This event better be The One That Ends It All, or I am going to look mighty silly.

The PR machine has revved up into fifth gear. About 4-6 weeks ago, I began calling reporters from the local newspaper in search of an article publicizing our fundraiser. In the meantime I created ads (not free) for other publications, customer cards, coupons, and bilingual flyers. Big honchos (honchas?) in the organization called on favors from friends and suddenly I'm getting free quarter-page ads in the said neewspaper. Our professional shmoozer talked up would-be sponsors and radio shows while I booked us on two local TV shows and got us a free shout out on a popular lunchtime radio broadcast.

But it gets better. A week and a half ago a reporter starts calling me and asking about what's going on. I give her the lines, along with handy phone numbers, statistics, and quips. This past Monday I get another call from a reporter with seniority who has taken the article via coup and wants all the same information. Grrr. But this reporter's a speedy one. She shows up the next day to interview us (the only day the president did not wear spandex to the office) and take a look-see around my humble abode. Wednesday brings her and a camera man. The Shmoozer just can't shut up, as usual, and her demonic laugh makes the hairs in my inner ear scream for mercy. I show them the sights and introduce them to Cecil, my associate manager. Back in the shoes, I show them pair after pair of designer label footwear. He snaps a few pictures, including one of me presenting shoes to the camera.

"It will be in the paper tomorrow," she tells me.

No kidding.

Today I flip to the bottom of the front page and, lo and behold, there's the headline on my quaint project. The best part of the article was that it was purely positive, an unusual sight today. After reading it one had a feeling that, while we were closing one way of helping people, we were beginning a new chapter of reaching out in new ways. Everyone at the office was ecstatic. We fielded at least 50 calls as a direct result of the article. My brother's co-workers were impressed, and my sister didn't notice until about 20 minutes ago.

But let us ask "why is this week so damn shweet?" This week is so damn shweet because I have sold almost $3300 of merchandise befor the sale between two people. We have a good business relationship with two local consignment shops. One of the owners rarely buys from us, but he does price our furs and leathers, as he is trained as a furrier. The other owner runs an upscale boutique consignment shop and is so sweet. She was ecstatic to discover that she arrived just a day after a limousine-load of very nice designer clothes had been priced and given to us (the mother-in-law of a member died and the family is in the liquor business. 'Nuff said). She was a flurry of dyed blonde hair exclaiming as she found one Chanel, Armani, and St. John suit after another, "I never get this quality of clothing consigned at my shop."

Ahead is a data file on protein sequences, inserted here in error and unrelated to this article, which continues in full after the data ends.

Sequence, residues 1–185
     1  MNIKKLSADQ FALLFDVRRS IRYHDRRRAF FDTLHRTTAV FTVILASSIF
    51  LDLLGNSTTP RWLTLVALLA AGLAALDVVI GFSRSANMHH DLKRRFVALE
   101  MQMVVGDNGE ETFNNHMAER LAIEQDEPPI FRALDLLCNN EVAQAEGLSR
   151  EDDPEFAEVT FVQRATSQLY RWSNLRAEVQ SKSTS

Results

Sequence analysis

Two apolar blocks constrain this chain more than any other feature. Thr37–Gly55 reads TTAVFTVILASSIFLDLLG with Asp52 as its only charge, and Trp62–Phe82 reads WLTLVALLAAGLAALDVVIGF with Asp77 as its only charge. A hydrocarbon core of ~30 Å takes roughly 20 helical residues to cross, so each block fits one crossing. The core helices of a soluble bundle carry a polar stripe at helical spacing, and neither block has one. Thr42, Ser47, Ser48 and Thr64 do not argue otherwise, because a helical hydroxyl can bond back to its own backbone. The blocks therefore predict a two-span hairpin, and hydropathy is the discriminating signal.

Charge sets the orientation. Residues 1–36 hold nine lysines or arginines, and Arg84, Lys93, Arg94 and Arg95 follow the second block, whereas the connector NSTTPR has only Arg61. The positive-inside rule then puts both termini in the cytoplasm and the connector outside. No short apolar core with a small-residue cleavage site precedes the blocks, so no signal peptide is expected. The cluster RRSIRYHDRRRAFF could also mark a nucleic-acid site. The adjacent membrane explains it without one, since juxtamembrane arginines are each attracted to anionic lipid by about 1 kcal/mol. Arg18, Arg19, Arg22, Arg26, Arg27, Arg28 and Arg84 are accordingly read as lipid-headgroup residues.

To which I replied, "That's because no one in their right mind would consign this to anyone."

We stopped to laugh and continued to giggle on every passing gem. We both knew that some people will only donate to this organization out of tradition and a great tax write-off. No matter, as this was a win-win situation.

Today my second buyer arrived, the owner of a local vintage consignment shop. Everything was going smoothly until two of our volunteers who thoroughly disagree on letting people shop before the sale arrived. My theory is that, 1), when you have so many items that no one will ever notice that anything is missing, and, 2), when you run the risk of being forced to sell the items at half price, selling some items before the sale is a great idea. However, one of the volunteers had a run-in with a sponsor that eventually led to the ruin of a corporate sponsorship, so I was still nervous.

I steered her around them and into the dressing room, where I had stored the vintage clothing. That was just the beginning.

After quickly collecting blasts from the past, we bravely headed out into the Sauna of No Relief, where she amassed great volumes of shoes, belts, housewares, hats, and other random items. By the time we finished the great search and then the research for the Amazing Madonna Belt and the Huge Jug, she was convinced that the two princesses had hid her precious belt, but I was sure that they had no interest from the gaudy relic from the 80's. Later we found it in the mess of her purchases. By the time I rang up her total and helped get everything out, it was later than 4:30 pm (we close at 4 pm) and I still had to fix The Voice Mail System In A Constant State of Snafu. I finally left at 6:30 pm. Nine and a half hours in a sickening warehouse with the Shmoozer, the Princess, and the nicer Purse Lady, and, best of all, Sylvia, Gwen, and Cecil. Gwen was up fr review, so I finished it up, had her read and sign it, and sent it off along with her hours.

What a day. And guess what? Tomorrow I'm going in on my day off because I am driven to not only get this baby off the ground, but to make it soar. More flying lessons will be held on Sunday when our best volunteer, Paul, and my favorite volunteer, Janet, come to jelp along with Janet's kids and the weird kid who drove Kate home from college.

I just can't get enough. It's like strichnine.